“I let my kids look at nude art too. Big guy and I were browsing a new art History book at the Library He turned the page and in a VERY loud voice said “Hey there’s a naked lady in a shell” and in the next breath “She has really pretty hair” I think half the library stiffled a laugh”
“I was raised viewing nude art and never thought anything of it. My parents, especially my dad, taught us that the artists painted nude bodies because they saw how beautiful God had made them. To this day I don’t see nude art as sexual or awkward (though i definitely remember friends of mine in high school being all weird about a book of art paintings/art photos that contained nudity that i had thought nothing of – it didn’t phase me, it was normal, but to them it was very taboo and a ‘big deal’). Anyway, i plan to raise our kids the same way – remember that children don’t attach sexual connotations to nudity and such like adults do, they accept it at face value as they are taught.”
“As to the family that covers the nudity with stickers…I can understand that…but at the same time I think that is installing in the children a fear of naturalness. That somehow it’s dirty or inappropriate. I have talked to too many adults who were taught that as children , and they all have horrible s*x lives. Scared to death that they are doing something wrong and filthy. Just seeing their partner’s privates brings them to blush and say “that’s not right”. When they should be able to see the beauty in how God designed their partners. I know it has a direct correlation to how they were brought up. (because they’ve told me) granted that’s anecdotal.”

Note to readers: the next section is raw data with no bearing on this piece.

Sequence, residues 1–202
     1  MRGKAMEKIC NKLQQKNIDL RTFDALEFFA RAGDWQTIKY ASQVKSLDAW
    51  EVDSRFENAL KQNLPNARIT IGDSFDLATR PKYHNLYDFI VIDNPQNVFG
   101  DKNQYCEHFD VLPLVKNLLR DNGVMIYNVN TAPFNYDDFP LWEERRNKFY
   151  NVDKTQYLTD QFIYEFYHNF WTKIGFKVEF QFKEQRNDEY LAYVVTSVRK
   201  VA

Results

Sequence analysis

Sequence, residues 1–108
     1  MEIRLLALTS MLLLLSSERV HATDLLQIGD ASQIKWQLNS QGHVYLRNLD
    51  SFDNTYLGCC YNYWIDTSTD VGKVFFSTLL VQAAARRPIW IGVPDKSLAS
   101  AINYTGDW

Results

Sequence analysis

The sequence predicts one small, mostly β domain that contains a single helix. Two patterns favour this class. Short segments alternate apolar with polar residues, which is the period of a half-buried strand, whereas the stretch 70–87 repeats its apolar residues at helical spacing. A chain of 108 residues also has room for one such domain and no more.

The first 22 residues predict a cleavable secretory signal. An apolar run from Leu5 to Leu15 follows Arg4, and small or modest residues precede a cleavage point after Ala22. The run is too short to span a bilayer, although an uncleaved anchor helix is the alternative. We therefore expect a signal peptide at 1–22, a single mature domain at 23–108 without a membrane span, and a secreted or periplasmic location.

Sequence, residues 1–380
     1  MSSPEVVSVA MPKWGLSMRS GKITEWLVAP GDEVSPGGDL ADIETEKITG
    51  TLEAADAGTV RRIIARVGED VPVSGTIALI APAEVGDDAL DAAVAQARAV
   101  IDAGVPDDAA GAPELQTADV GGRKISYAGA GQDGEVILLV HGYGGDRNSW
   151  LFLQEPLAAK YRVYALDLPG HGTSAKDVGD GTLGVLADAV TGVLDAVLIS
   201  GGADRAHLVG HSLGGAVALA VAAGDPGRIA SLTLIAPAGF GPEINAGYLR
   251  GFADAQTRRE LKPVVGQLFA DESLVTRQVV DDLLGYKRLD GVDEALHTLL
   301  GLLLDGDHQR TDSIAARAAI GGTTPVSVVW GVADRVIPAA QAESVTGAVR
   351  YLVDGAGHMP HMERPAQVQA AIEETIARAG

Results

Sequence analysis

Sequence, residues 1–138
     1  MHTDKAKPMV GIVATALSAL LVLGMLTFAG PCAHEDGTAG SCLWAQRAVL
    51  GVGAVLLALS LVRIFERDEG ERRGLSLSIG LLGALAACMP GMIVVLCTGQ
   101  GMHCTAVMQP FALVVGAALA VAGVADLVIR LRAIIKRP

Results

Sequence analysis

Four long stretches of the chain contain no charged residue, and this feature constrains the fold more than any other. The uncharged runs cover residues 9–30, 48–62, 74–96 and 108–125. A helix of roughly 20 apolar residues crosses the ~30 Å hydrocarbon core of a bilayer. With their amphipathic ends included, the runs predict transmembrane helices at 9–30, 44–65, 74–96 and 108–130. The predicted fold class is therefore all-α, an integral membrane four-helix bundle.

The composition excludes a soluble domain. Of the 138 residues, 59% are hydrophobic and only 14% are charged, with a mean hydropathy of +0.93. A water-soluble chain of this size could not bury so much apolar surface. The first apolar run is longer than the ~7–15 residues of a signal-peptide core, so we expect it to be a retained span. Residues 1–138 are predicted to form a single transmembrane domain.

So where the hell is this attitude about nudity coming from amongst artists? It’s a massive epidemic of Gymnophobia. (Fear of nudity. You’re welcome) I’ve never actually met a customer who recoils from nude art the way other artists do. I have no answer for it except for a hunch that the industry is saturated in so much Disneyfication and FCC regulations that artists instinctively conform to this unspoken rule of so-called art. Or maybe it’s just about the fact that artists have constantly bit their own tongue and have never given themselves a chance to express their true inner vision. Fear is a massive demon in the arts. Entertainment industry crap can sometimes be art, but it’s usually just craft and illustration.